AURORA, Colo. -- The U.S. Army Corps of Engineers will take over construction management at the new Denver veterans hospital amid an internal investigation into how the project ran $1 billion over budget, the Veterans Affairs Department said Thursday.
VA Deputy Secretary Sloan Gibson said he hopes the hospital can open in 2017 and repeated his earlier estimate that another $830 million is needed to finish the work. Gibson spoke with reporters at the construction site in the Denver suburb ofAurora after meeting with contractors.
The hospital is now expected to cost $1.73 billion. Rep. Mike Coffman, R-Colo., has said VA officials told Congress as recently as last year that the hospital would cost $630 million and open in May 2015.
Gibson said the design was finalized too late and the contractor wasn't brought into the process early enough. "I apologize to veterans, and I apologize to American taxpayers for the delay and the added cost," he said.
Veterans hospitals in New Orleans, Las Vegas and Orlando, Florida, have also encountered overruns and delays. The VA has been under intensifying pressure from Congress to explain what went wrong and fire those responsible.
The House Committee on Veterans Affairs has scheduled a hearing about the Denver hospital for April 15 in Washington, D.C.
Gibson said he understands lawmakers' frustration that the department's top construction executive, Glenn Haggstrom, retired last week amid the VA's investigation. Coffman and Rep. Jeff Miller, chairman of the House Committee on Veterans Affairs, have said Haggstrom should have been fired.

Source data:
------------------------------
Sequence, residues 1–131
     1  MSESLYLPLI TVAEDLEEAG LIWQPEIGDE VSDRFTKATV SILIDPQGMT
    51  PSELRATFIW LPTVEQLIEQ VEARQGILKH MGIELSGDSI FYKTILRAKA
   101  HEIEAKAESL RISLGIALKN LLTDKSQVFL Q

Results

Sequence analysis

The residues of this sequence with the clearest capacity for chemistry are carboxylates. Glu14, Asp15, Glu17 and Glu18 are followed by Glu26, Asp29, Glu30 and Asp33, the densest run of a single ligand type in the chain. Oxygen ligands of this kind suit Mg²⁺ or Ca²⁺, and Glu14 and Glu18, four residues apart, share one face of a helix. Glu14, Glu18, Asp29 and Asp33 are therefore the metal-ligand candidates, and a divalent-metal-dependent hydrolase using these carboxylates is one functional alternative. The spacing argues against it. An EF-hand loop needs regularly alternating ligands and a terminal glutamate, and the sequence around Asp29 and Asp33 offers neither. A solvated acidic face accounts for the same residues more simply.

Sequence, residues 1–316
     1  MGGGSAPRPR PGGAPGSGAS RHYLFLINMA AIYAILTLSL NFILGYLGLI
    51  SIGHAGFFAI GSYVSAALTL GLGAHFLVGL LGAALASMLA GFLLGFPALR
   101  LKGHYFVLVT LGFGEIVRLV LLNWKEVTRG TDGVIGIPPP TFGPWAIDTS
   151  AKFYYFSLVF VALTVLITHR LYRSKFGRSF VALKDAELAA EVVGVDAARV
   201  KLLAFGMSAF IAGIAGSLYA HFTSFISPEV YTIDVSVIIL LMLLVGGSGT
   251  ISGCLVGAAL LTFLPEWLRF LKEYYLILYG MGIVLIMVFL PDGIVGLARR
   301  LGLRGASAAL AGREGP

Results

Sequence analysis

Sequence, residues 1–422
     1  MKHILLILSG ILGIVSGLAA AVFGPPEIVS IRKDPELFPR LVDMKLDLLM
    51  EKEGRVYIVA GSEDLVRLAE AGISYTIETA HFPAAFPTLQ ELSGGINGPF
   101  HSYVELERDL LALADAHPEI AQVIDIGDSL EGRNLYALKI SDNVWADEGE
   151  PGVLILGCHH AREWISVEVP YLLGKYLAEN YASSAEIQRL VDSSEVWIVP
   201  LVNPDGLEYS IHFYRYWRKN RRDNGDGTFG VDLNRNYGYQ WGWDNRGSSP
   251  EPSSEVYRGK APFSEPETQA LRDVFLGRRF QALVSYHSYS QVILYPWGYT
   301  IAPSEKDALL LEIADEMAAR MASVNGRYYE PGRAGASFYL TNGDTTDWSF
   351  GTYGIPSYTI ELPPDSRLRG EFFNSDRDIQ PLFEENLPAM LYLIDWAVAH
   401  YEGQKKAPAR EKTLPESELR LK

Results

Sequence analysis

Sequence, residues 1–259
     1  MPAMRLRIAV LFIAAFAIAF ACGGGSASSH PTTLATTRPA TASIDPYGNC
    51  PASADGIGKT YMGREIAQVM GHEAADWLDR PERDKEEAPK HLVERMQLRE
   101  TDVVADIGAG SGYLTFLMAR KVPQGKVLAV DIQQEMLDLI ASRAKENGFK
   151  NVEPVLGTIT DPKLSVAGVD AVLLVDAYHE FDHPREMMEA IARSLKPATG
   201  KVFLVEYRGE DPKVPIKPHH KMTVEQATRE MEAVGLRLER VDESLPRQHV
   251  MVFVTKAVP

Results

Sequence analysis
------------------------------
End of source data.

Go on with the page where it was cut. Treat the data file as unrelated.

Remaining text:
Gibson said Haggstrom had a legal right to retire. He said Haggstrom submitted his retirement documents March 24, one day after he was questioned under oath as part of the internal inquiry.
Haggstrom has no listed phone number and could not be reached for comment.
Gibson dismissed Coffman's proposal to funnel the department's multimillion-dollar employee bonus budget into construction, calling it "a lousy idea." It would mean janitors, cemetery workers and other VA employees, many of them veterans, wouldn't get bonuses, not just executives, he said.
Coffman's spokesman, Tyler Sandberg, said Gibson's reaction was predictable. "Of course. It's his bonus money," Sandberg said.
Sandberg said the VA still hasn't provided specifics about the problems or how it will discipline those responsible. "It sounds like they're fiddling while Rome burns," he said.
Rep. Ed Perlmutter, D-Colo., said he was encouraged by Gibson's comments. Perlmutter said it will be difficult to persuade Congress to come up with the money, but he is confident it could be done.
Gibson said that by the time he learned of the cost overruns, the contractor had gone to a federal appeals board alleging the VA had breached its contract. Gibson said he thought it best to wait till the board ruled before taking any action.
The board ruled the VA hadn't produced a design that could be built within budget. Work halted until the VA negotiated an interim contract with the builders.
The 184-bed medical center will replace an old, crowded facility in Denver.